Assessing 2011 and planning for 2012: Part 1

As we near the end of December, it’s time think about how our businesses have fared this past year and what we’ll do differently in 2012. Over the next few weeks, we want to discuss some areas of assessment that should be considered as you begin to plan for next year. Next week we’ll look at assessing company finances but today’s column will focus on overall business assessment.

December and January are great times to do this. You’ll want to involve employees and conclude with a meeting to go over results. When considering who should be involved, at the very least include your key employees and managers. If you can make it work, input from other employees can also be invaluable. People who deliver goods, work on a jobsite or man the front counter may have some great observations and ideas.

Advance planning is needed to get the most valuable feedback. Everyone should be given an outline to follow with clear questions so they’ll understand the type of information you want to gather and what will be discussed at the wrap-up meeting. Explain that this is an exercise to help you and your management team with making decisions to improve the business.

Everyone should have at least a week to write their ideas and comments to the questions, based on observations of their particular areas and the company as a whole. It’s important that they feel safe in answering the questions honestly. Make it clear, however, that this is not a forum for complaining about the company or co-workers. You’re not expecting everyone to hold hands and sing Kumbaya, but you do need constructive input.

Here are a few areas to assess and suggested questions to help get you started.

Sales. Answers to these questions should give you an idea of how the company is doing at bringing in new customers, and growing and retaining existing customers. You may want to ask: How good is our process for finding new customers? Where did sales come from (the percentage of revenue from new versus existing customers)? Were they the right kind of sales? What worked in obtaining new sales — cold calls, social media, trade shows, special events or networking? What needs improvement? Do our current customers really know all we do and could we get more business from them?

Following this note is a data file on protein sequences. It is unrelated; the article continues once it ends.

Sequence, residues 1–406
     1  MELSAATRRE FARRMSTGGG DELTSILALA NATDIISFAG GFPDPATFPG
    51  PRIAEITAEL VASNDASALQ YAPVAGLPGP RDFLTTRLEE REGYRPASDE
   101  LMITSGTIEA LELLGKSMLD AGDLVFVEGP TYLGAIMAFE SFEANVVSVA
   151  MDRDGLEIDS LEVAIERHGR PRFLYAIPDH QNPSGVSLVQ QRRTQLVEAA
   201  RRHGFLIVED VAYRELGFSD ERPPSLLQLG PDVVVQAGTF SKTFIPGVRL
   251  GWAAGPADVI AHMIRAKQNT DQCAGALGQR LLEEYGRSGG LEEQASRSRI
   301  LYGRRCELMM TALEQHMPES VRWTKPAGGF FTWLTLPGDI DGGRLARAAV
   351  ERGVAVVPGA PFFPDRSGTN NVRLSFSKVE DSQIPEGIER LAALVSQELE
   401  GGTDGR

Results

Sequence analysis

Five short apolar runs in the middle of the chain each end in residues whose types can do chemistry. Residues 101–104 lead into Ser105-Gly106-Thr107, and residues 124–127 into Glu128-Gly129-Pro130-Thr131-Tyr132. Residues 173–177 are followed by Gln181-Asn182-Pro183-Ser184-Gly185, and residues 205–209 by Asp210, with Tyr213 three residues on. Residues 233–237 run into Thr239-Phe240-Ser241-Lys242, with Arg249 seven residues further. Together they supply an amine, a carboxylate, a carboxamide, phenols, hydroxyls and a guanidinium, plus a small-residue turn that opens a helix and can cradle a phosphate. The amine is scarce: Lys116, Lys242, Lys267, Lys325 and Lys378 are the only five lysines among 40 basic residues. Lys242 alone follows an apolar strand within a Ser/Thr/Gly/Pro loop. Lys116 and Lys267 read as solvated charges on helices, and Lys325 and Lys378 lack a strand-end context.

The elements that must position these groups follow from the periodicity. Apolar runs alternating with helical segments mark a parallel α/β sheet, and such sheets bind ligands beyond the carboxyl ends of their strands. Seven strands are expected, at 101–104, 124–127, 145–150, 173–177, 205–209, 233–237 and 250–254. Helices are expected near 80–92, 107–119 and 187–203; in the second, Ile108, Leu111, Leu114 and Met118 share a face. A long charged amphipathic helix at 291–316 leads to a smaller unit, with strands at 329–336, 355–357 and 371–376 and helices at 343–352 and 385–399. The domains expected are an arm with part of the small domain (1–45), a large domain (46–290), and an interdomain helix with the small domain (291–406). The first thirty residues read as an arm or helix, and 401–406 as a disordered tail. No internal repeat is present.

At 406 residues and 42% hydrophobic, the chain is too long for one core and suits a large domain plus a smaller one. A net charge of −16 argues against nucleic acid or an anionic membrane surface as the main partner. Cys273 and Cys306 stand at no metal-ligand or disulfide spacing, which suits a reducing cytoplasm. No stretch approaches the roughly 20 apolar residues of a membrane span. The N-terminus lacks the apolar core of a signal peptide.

Operations. Assessing overall operations will give you a better idea of how the company is doing as a whole. You may want to ask these questions: How well does the company run? What frustrations did we have this year? Where did we have some “wins” that went really well? What needs improvement? Did our systems and controls work? Where did processes break down and why? Have we outgrown the processes we have in place (or will we next year)?

Employees. Your employees are one of your greatest assets so it’s important to assess your team. You may want to ask: Do we currently have the right people? Do they need to be trained or better developed? Should we hire additional staff in the coming year and for what functions? Do the employees seem satisfied with their jobs? What needs improvement? Do we provide all the tools employees need to get their jobs done and, if not, what’s missing?

Opportunities. These can be anything from entering new markets, to developing new products or services, to strategic partnerships. Some suggested questions are: What opportunities were encountered this past year? Which ones were acted on and which were missed? Are there any opportunities already foreseen in the coming year? Are there pending opportunities we should be working on now? What needs improvement?

When scheduling your wrap-up meeting, plan for it to take several hours. In facilitating these meetings for clients and for our own companies, we’ve found it helps to get away from your normal place of business. Find a venue with a conference room, preferably where you can have food.

Ground rules should be established, making it clear that everyone’s ideas have merit and none should be shot down by anyone else in the group. At the meeting, everyone should be allowed to share answers to the various questions, which should be recorded. After the meeting, the notes should be compiled in a summary format and used to help with your business planning for the coming year.

Assessing the past and planning for the future are important practices for a thriving business. By looking closely at the various areas, you can more clearly see what’s working and where changes should be made to create a better tomorrow.

Laddie and Judy Blaskowski are partners in several businesses, including BusinessTruths Consulting. They are authors of The Step Dynamic: A Powerful Strategy for Successfully Growing Your Business. Judy@BusinessTruths.com. Connect with them on LinkedIn.